While this will help protect the Warehouse microservice from some changes to Shipping, there are some things that would still require all parties to change. Let’s consider the idea that we want to start shipping internationally. As part of this, the Shipping service needs a Customs Declaration to be included in the Shipping Manifest. If this is an optional parameter, then we could deploy a new version of the Shipping microservice without issue. If this is a required parameter, however, then Warehouse would need to create one. It might be able to do this with existing information that it has (or is given), or it might require that additional information be passed to it by the Order Processor.
Although in this case we haven’t eliminated the need for changes to be made across all three microservices, we have been given much more power over when and how these changes could be made. If we had the tight (pass-through) coupling of the initial example, adding this new Customs Declaration might require a lockstep rollout of all three microservices. At least by hiding this detail we could much more easily phase deployment.
One final way would be to send data from order processing to shipping via the warehouse, without the need for data processing by the warehouse.

Common Coupling

When we have two microservices using the same database, filesystem, or memory we have a common coupling. The main issue with common coupling is that changes to the structure of the data can impact multiple microservices at once.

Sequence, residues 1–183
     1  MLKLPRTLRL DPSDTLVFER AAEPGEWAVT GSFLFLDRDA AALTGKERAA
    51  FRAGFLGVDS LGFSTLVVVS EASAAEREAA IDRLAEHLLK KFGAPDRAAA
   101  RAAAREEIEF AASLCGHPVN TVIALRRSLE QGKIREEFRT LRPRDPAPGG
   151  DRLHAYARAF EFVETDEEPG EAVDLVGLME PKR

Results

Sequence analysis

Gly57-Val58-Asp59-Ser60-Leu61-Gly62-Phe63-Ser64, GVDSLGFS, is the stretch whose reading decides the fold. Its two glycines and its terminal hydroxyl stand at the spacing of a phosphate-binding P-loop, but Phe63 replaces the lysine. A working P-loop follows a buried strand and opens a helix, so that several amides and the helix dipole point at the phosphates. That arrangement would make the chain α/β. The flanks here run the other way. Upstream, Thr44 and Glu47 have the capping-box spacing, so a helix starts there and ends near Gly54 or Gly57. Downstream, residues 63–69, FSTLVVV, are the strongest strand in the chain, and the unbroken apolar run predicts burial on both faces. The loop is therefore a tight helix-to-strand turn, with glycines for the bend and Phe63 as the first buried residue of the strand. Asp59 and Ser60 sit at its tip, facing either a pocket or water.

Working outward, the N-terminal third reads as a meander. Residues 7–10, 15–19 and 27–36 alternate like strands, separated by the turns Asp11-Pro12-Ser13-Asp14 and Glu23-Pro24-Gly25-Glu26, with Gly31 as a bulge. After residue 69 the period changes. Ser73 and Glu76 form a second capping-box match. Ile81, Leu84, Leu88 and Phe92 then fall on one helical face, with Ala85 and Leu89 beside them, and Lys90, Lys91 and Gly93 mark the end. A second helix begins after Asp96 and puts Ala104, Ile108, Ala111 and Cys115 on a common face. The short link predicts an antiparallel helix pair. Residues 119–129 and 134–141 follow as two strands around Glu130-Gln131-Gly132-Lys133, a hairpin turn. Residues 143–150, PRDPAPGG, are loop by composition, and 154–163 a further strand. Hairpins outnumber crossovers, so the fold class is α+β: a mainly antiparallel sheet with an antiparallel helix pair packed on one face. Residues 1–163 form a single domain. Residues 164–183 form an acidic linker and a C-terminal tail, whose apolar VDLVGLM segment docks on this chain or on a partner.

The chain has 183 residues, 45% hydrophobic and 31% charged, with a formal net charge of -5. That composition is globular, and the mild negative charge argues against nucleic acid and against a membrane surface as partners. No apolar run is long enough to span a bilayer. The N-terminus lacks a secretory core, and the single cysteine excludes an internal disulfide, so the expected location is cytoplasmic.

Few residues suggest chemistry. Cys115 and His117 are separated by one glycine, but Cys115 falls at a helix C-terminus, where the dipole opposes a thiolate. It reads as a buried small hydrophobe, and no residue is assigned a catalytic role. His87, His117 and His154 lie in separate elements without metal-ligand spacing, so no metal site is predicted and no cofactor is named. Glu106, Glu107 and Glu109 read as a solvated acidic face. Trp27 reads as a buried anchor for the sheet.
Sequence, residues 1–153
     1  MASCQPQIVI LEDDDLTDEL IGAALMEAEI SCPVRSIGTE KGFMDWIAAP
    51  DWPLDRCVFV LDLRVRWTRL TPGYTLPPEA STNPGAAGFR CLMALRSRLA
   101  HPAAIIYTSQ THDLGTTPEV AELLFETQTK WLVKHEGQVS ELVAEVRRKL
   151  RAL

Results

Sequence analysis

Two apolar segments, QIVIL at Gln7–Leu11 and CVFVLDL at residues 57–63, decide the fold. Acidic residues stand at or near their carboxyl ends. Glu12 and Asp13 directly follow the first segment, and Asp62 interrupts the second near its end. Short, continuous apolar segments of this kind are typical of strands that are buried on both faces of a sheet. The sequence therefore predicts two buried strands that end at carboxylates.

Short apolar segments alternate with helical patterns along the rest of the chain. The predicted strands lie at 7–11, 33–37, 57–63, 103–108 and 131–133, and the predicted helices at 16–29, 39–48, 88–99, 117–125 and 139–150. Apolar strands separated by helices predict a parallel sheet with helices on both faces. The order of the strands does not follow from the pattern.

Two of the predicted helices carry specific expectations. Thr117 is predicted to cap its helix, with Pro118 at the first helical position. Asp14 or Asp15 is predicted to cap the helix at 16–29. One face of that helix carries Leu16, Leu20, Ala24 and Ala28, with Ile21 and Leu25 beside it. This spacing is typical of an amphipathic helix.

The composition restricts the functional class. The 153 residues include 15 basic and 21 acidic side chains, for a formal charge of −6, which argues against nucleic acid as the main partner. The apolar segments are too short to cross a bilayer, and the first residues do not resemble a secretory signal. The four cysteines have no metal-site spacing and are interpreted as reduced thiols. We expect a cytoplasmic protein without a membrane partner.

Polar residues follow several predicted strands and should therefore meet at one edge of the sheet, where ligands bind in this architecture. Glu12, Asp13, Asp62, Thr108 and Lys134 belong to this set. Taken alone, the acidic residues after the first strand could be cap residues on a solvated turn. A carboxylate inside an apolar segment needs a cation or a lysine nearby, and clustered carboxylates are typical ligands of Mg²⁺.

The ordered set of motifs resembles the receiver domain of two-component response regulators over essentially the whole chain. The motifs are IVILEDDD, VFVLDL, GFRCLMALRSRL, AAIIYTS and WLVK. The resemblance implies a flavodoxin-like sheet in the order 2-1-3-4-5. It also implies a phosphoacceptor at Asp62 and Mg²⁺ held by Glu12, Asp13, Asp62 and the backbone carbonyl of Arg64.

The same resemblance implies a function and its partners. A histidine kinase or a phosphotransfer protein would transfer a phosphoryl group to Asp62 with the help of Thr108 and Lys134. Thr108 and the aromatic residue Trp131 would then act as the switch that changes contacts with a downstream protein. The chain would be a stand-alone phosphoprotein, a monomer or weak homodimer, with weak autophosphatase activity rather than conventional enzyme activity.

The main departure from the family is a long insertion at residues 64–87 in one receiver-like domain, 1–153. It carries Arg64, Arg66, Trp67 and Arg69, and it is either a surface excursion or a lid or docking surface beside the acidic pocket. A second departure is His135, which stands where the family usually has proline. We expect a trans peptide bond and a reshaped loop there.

For example, imagine our order processing and warehouse use the same database for countries. Any backward incompatible change in the database causes issues and both microservices should change.
Now imagine both order processing and warehouse updating the order status. If there is a finite state machine to manage states then how we should be sure that both microservices work as intended? A possible solution would be to manage the status with another microservice, which we can call order. Warehouse or Order Processor can send status update requests to the Order service. Here, the Order microservice is the source of truth for any given order. it is the job of the Order service to manage the acceptable state transitions associated with an order aggregate. As such, if the Order service received a request from Order Processor to move a status straight from PLACED to COMPLETED, it is free to reject that request if that is an invalid change. Multiple microservices making use of the same filesystem or database could overload that shared resource, potentially causing significant problems if the shared resource becomes slow or even entirely unavailable. A shared database is especially prone to this problem, as multiple consumers can run arbitrary queries against the database itself, which in turn can have wildly different performance characteristics.

Content Coupling

an external service accessing another microservice’s database and changing it directly. The differences between content coupling and common coupling are subtle. In both cases, two or more microservices are reading and writing to the same set of data. With common coupling, you understand that you are making use of a shared, external dependency. You know it’s not under your control. With content coupling, the lines of ownership become less clear, and it becomes more difficult for developers to change a system. For example, order processing uses orders to manage states, meanwhile, the warehouse manages states directly in the database. In such a case we should hope that warehouse logic and order logic behave in the same way. One possible solution is that make the warehouse use the order microservice. In short, avoid content coupling.